This time around, I asked Adella to take some drive-by photos for me to capture what makes Carolina itself unlike any other place.  These photos are from her phone.  She did a great job of snapping-to every time I said, "How about that?" And that, and that, and that....

We pass many fields like this one, where a house from years gone by sits alongside a barn and outbuildings, and there are signs of life but nobody around.

If you have any hang-ups about the importance of spelling, this is not the place for you.

Neat brick churches are everywhere, and so are th…

Movie Review: '42'

Jackie Robinson was a man of considerable character, and Brooklyn Dodger's GM Branch Rickey was shrewd enough to recognize this when he chose Robinson for the  special project of breaking the race barrier in Major League Baseball almost 50 years ago.
Actor Harrison Ford's interpretation of Rickey in 42, which opened April 12, captures a shrewd businessman, a keen observer of human nature, a Methodist, and a thoroughly decent human being who knew what he was doing and where he was going when he signed Robinson to the Brooklyn Dodgers in 1946.
In the movie, Rickey tells Robinson he made the move for his love of the game as well as to redress an instance of racial abuse he witnessed years earlier but did nothing to correct at the time.
Actor Chadwick Boseman does an admirable job of interpreting Robinson as a man of integrity whose self-respect made enduring the insults of  the ignorant--in the form of teammates, team managers, gas station attendants, hotel managers, and Klansme…

Skywatch Friday: And so it Begins...


Wordless Wednesday: The Years go by

(Adella's first-ever drawing is in the frame in the upper right, and the frame's shadow seems to be reaching for her most recent high school assignment.  The sun seemed to be playing the part of a Cubist painter last night.)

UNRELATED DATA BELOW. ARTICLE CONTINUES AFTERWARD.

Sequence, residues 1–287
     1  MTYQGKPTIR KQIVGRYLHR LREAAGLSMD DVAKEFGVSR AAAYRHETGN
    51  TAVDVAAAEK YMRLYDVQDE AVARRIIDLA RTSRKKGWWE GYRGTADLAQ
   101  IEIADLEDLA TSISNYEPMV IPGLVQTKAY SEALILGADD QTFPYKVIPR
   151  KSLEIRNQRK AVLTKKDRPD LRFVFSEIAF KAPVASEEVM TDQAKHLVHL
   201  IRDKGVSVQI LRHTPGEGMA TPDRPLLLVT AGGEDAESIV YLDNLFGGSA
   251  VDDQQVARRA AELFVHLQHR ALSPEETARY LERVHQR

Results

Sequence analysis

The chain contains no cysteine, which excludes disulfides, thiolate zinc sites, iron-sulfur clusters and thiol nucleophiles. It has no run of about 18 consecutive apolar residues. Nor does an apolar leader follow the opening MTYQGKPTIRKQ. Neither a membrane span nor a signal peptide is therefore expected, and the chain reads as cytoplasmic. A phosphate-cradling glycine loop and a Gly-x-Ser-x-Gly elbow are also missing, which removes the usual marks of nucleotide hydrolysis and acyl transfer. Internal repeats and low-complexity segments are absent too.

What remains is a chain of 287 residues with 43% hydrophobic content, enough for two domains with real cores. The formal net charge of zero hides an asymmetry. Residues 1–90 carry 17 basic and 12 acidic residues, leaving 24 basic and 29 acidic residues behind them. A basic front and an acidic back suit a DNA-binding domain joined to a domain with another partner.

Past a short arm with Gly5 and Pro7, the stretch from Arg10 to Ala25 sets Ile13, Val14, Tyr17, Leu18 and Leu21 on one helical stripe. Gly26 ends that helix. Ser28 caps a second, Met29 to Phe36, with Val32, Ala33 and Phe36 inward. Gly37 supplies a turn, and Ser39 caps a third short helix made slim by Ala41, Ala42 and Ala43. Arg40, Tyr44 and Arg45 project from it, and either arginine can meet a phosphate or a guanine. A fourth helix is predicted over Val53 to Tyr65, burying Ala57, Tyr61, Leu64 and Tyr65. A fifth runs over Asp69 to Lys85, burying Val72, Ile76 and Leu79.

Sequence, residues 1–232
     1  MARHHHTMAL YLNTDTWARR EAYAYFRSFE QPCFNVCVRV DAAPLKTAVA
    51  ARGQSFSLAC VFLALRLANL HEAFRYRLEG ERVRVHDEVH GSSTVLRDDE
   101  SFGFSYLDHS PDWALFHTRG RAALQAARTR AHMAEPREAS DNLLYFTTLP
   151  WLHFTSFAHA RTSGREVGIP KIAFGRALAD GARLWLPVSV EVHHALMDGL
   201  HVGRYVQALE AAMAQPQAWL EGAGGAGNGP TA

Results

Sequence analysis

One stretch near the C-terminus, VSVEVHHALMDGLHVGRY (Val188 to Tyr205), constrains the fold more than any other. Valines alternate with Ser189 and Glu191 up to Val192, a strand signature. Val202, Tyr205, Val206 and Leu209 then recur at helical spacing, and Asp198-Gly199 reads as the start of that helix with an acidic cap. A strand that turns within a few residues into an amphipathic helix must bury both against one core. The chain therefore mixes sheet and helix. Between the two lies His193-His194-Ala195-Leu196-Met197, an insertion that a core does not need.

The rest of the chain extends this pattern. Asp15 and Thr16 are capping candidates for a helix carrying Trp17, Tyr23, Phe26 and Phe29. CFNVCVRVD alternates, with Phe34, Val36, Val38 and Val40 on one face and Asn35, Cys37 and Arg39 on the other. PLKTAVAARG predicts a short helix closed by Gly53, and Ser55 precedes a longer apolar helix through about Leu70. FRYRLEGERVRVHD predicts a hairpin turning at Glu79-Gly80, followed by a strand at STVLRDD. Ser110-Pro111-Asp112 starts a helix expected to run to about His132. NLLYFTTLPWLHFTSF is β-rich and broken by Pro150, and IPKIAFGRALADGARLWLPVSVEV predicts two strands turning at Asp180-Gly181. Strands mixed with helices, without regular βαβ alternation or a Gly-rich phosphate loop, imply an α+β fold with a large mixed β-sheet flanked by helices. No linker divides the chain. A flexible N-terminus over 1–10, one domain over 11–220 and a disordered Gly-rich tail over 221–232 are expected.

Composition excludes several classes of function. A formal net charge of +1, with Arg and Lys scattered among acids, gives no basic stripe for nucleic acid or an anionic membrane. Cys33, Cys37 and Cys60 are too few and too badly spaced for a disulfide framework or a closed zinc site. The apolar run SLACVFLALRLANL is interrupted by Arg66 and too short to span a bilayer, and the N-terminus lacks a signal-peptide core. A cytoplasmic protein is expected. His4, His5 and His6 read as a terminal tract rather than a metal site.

Wordless Wednesday

Our World Tuesday: Toulouse Lautrec and Friends in New Britain, Connecticut

We made our way to the New Britain Museum of American Art on Saturday to take in an exhibit of Toulouse Lautrec's art--primarily his commercial work.  (How Lautrec wound up in a museum of American art, I do not  know.)  There was Don Quixote at the end of the driveway to say hello.  He's a little on the gaynt side these days, and he seems to have lost his pants, but he's still charming in his way.  (What for pants when you have all that personality?)
The museum used to be housed in the big ol' house in the background of this image.  Since our last visit, the place sure grew, and it's beautiful.
The museum offers free admission between 10 and 12 on Saturdays, so we were off to a good start.  We had no problem getting past this security guard, either.  At first we thought he was friendly, but it turns out he was a stuffed shirt.
Before we got to the Lautrec exhibit, we encountered this one, which was just plain stunning.  It's made from 20,000 paper and plastic …

Remembering Craig Lundwall

Every year on this day I post a memorial to my friend Craig Lundwall to remember him and the day he took his life.